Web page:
Dr John Williams from Colorado State University testing a prototype device
A research team in the US is working on a device that could help people with hearing difficulties "hear" through their tongue.
The device works by picking up soundwaves and then sending them as electronic pulses to an electrode-packed retainer in the wearer's mouth which they press their tongue against to feel.
Nerve-endings in the tongue then send this sensory information to the brain which, with training, can interpret the feelings as sound.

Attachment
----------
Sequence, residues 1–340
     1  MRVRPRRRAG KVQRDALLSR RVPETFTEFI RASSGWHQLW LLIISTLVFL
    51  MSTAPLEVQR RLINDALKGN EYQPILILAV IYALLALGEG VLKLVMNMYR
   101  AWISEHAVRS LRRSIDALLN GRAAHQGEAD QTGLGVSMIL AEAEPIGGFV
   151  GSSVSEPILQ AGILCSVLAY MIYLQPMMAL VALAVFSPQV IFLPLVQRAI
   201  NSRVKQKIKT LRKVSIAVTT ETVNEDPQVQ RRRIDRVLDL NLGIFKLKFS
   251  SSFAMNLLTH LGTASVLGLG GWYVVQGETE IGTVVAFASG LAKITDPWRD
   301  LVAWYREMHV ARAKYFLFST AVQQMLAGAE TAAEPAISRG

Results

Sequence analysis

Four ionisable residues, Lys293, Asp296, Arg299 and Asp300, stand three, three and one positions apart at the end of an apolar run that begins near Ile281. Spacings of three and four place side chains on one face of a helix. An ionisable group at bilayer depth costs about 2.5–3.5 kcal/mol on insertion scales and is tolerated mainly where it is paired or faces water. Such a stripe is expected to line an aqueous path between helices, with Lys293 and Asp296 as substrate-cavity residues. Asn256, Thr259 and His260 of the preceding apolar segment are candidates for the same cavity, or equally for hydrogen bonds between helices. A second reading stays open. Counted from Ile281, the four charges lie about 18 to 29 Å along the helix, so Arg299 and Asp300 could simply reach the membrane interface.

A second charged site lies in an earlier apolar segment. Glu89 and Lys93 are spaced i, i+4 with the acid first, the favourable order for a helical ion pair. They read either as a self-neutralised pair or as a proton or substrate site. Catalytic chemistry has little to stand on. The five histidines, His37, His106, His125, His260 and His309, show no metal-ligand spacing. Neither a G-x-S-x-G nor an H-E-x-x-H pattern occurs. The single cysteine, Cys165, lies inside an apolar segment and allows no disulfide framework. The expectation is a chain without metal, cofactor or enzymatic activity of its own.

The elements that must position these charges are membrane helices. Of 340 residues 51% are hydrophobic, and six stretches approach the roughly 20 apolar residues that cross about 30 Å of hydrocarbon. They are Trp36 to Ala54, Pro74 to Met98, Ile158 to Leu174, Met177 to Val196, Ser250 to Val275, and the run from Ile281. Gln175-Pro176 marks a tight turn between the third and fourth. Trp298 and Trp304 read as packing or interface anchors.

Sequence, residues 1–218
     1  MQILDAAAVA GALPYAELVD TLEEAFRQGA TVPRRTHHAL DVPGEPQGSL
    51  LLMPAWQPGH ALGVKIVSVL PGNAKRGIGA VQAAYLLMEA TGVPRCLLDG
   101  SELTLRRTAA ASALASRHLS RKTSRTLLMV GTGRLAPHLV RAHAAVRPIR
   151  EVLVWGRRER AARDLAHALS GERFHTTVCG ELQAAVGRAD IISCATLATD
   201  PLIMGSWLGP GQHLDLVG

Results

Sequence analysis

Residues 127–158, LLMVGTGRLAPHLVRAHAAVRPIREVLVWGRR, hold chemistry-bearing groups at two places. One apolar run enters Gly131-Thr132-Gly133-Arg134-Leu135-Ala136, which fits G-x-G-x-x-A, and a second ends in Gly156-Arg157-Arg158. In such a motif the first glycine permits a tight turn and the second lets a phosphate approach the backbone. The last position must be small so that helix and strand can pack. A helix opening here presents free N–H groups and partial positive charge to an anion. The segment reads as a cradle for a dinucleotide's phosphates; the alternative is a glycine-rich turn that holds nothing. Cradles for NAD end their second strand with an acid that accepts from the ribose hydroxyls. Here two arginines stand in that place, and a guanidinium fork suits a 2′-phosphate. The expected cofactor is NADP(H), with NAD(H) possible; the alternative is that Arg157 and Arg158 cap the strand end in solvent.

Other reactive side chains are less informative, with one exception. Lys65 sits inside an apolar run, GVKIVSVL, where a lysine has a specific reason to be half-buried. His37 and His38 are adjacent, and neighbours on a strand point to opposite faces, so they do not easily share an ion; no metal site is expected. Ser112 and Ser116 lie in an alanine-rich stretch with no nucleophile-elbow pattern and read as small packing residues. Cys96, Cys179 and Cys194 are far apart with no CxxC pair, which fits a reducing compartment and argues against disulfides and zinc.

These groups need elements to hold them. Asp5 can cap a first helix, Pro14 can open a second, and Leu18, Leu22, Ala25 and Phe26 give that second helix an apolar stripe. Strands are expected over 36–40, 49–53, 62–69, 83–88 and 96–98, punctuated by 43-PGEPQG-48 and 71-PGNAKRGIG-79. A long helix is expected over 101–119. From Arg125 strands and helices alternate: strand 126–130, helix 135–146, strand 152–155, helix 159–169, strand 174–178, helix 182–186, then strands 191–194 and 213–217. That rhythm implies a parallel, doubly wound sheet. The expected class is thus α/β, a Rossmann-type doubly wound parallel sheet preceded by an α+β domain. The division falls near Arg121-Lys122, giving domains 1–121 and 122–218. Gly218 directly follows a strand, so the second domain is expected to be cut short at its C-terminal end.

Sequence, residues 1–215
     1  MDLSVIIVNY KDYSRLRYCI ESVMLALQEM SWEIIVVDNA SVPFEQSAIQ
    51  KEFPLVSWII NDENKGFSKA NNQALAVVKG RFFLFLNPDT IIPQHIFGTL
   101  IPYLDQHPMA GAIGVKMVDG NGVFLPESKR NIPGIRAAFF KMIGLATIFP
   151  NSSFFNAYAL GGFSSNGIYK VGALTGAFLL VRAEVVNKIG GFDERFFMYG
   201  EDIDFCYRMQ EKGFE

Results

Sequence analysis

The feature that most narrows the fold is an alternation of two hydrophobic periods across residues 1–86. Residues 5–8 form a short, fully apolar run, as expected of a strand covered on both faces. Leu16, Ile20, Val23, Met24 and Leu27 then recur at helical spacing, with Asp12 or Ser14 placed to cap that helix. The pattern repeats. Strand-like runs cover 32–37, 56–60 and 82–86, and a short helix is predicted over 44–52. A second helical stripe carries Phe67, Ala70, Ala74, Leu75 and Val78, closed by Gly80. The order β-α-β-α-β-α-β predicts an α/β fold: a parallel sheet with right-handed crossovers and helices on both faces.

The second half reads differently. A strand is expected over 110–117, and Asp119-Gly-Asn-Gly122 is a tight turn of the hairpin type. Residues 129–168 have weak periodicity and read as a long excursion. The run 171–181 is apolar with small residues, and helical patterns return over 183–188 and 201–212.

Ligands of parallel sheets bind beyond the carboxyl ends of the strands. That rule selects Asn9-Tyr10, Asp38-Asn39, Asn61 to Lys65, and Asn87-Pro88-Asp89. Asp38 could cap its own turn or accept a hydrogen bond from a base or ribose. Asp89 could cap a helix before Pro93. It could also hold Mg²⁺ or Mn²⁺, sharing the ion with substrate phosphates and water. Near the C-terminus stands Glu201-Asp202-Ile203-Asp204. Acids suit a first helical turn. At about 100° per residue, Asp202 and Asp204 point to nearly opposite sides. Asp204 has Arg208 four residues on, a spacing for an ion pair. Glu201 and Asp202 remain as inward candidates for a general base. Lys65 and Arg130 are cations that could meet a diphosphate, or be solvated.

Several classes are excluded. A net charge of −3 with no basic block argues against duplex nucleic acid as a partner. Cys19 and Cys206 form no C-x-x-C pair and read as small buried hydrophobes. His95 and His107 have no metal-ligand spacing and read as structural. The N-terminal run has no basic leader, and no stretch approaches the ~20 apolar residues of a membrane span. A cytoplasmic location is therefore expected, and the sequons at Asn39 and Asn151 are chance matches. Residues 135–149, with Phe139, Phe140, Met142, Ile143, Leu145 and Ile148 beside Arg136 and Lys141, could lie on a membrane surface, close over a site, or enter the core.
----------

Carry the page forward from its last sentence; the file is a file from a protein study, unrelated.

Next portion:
According to the team at Colorado State University, the device - still in an early stage of testing - could eventually be a less invasive, less expensive alternative to cochlear implants.
They hope the ultimate device will be similar to a dental retainer that will be concealed in the mouth, according to the research team.
According to the project lead, John Williams, users will need to wear the device for three to four weeks in order to "teach" the tongue to interpret the sounds. It almost works in the same way as Braille - whereby blind people can use their fingers to "see" words for them.
In an interview with Boing Boing, the team reveal that their initial testing has been promising enough for them to file a patent for the technology and set up a company - Sapien LLC - to help develop it further.
You can see more about the device in this video interview with the research team: